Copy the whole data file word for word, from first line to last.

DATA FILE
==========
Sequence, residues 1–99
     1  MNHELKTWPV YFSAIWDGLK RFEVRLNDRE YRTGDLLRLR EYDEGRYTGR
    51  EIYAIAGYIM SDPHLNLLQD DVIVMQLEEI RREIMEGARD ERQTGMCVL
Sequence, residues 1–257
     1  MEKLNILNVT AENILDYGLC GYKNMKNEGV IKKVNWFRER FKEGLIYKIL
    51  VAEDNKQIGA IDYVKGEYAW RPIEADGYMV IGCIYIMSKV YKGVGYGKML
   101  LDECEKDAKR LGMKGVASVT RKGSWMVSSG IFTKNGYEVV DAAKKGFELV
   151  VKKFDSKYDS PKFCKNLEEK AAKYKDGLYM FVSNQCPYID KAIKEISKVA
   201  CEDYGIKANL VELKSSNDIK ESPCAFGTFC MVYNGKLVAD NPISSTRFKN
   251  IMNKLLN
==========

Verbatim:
Sequence, residues 1–99
     1  MNHELKTWPV YFSAIWDGLK RFEVRLNDRE YRTGDLLRLR EYDEGRYTGR
    51  EIYAIAGYIM SDPHLNLLQD DVIVMQLEEI RREIMEGARD ERQTGMCVL
Sequence, residues 1–257
     1  MEKLNILNVT AENILDYGLC GYKNMKNEGV IKKVNWFRER FKEGLIYKIL
    51  VAEDNKQIGA IDYVKGEYAW RPIEADGYMV IGCIYIMSKV YKGVGYGKML
   101  LDECEKDAKR LGMKGVASVT RKGSWMVSSG IFTKNGYEVV DAAKKGFELV
   151  VKKFDSKYDS PKFCKNLEEK AAKYKDGLYM FVSNQCPYID KAIKEISKVA
   201  CEDYGIKANL VELKSSNDIK ESPCAFGTFC MVYNGKLVAD NPISSTRFKN
   251  IMNKLLN